* HNA says staff bought bonds backed by the group
* Amount of bonds purchased not clear
* HNA says group in a very healthy financial position
* S&P lowers HNA credit profile on deteriorating liquidity (Adds S&P downgrading of HNA Group, units)
HONG KONG, Feb 14 (Reuters) - China's debt-laden HNA Group said some of its board directors and senior managers have bought offshore dollar bonds guaranteed by the conglomerate - the latest in a series of measures it is taking to shore up its finances.
The aviation-to-financial conglomerate did not give the names of those buyers in the statement, nor the value of the dollar bonds purchased. It declined to provide any additional information when contacted by Reuters.
The development comes as S&P Global Ratings downgraded the credit profile of HNA Group and two of its units, citing the conglomerate's "deteriorating liquidity profile" amid a slew of debt maturities this year.
After announcing $50 billion of deals over two years, HNA was, like other Chinese conglomerates, hit by increased scrutiny of its finances as Beijing grew wary of what it saw as some irrational acquisitions.
Hainan-based HNA has since said it would sell some of its assets, and this week it announced a $2 billion deal for two Hong Kong land parcels. Sources have said it is in talks with creditors about its outstanding loans.
In its Wednesday statement, the group said it was in a "very healthy financial position" with total assets of 1.5 trillion yuan ($236 billion) at end-2017, and that the staff purchased the bonds due to "full confidence" in its business prospects.
In the last couple of years, HNA and its group units have issued a slew of bonds, both in China and overseas, to finance some of its acquisitions as well as to refinance some of its maturing debt obligations.
Hainan Airlines Holdings, the group's flagship firm, has bonds issued worth $4.8 billion, denominated in both Chinese yuan and U.S. dollar, according to Thomson Reuters data. About $1.5 billion worth of bonds will mature in 2018.
HNA Group itself has about $16 billion worth of bonds outstanding, of which $2.4 billion will come up for repayment this year and $4.8 billion in 2019, the data showed. A $52-million tranche, issued offshore, will come up for repayment on July 18, 2018.
In November, the group sold a short-dated bond at a coupon of 9 percent, higher than the 8 percent yield indicated on its December 2018 bond, in a sign that it was under pressure to refinance its debt-laden balance sheet.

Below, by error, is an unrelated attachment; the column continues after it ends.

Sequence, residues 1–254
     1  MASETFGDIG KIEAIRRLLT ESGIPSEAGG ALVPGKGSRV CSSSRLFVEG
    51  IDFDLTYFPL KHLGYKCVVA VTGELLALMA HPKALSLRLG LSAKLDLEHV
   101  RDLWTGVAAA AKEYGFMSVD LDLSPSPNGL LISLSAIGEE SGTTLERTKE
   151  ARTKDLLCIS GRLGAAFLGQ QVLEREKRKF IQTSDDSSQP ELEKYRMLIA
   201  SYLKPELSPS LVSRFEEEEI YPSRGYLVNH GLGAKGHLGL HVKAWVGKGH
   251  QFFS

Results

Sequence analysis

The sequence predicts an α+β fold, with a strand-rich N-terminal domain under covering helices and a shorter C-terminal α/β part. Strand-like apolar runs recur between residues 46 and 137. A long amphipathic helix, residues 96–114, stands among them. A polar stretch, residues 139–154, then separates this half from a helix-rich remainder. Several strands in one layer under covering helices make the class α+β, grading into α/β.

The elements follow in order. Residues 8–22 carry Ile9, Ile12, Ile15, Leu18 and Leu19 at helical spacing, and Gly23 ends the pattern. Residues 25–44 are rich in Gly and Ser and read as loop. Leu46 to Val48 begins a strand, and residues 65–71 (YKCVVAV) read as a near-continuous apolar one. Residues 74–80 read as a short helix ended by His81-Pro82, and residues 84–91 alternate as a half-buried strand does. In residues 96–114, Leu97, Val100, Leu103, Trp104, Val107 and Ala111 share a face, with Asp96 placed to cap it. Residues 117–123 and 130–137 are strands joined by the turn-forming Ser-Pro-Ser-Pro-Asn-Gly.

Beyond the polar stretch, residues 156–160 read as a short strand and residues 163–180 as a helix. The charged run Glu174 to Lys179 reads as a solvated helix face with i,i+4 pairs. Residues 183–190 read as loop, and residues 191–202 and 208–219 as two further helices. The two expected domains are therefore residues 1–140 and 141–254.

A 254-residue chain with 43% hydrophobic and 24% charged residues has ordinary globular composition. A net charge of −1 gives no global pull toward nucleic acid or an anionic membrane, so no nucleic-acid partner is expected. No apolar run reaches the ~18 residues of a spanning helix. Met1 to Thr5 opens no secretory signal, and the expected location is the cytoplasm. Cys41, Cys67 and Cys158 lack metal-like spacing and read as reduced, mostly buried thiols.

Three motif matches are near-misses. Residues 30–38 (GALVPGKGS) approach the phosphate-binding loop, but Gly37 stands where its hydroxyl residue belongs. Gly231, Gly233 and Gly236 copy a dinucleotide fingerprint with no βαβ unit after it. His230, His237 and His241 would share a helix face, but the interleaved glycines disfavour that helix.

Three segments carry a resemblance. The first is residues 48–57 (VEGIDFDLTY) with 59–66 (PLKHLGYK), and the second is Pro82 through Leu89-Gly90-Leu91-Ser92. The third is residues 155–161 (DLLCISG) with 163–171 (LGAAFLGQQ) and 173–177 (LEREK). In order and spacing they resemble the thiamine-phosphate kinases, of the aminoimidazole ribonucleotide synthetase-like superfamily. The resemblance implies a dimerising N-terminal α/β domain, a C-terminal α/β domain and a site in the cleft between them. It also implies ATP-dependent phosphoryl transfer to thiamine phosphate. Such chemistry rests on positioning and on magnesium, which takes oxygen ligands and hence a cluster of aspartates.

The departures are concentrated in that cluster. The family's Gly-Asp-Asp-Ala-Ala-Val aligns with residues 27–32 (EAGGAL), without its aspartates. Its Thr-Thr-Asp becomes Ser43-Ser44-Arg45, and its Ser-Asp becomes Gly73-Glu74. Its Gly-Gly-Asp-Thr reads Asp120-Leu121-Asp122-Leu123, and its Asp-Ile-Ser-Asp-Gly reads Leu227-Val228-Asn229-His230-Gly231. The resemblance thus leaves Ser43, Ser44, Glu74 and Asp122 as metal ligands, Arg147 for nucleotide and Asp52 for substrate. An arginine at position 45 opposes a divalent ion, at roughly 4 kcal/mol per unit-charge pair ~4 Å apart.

The yield on a group unit's three-year, December 2018 bond has nearly tripled from a year-ago period, underscoring investors' concerns and significantly raising its future borrowing costs.
In December, senior executives of HNA agreed to purchase $13 million worth of shares in another group subsidiary Bohai Capital Holdings to bolster "investor confidence" and promote stability at the firm.
Bohai Capital is one of many HNA's listed units that have suspended trading in their shares since November pending announcements.
S&P late on Tuesday cut HNA credit profile by one notch to 'ccc+', a "speculative grade".
"This revision reflects our understanding of HNA Group's deteriorating liquidity profile as it faces significant debt maturities in 2018," the rating agency said in its report on the group as well as some units.
"While it appears to have made some progress, and has valuable assets and highly liquid stakes in public traded companies, in our view HNA Group is dependent upon favourable market conditions to meet its upcoming financial commitments."
The rating agency also announced the lowering of credit rating of HNA's IT outsourcing unit Pactera and airline caterer Gategroup Holding, as a result of the downgrading of the parent's credit profile.
S&P expects Pactera's debt leverage to remain high, saying the company would need to raise new funds to meet its upcoming debt obligations.
HNA Group did not immediately respond to a Reuters request for a comment on S&P's move.
($1 = 6.3530 Chinese yuan) (Reporting by Sumeet Chatterjee; additional reporting by Matthew Miller in Beijing; Editing by Edwina Gibbs & Simon Cameron-Moore)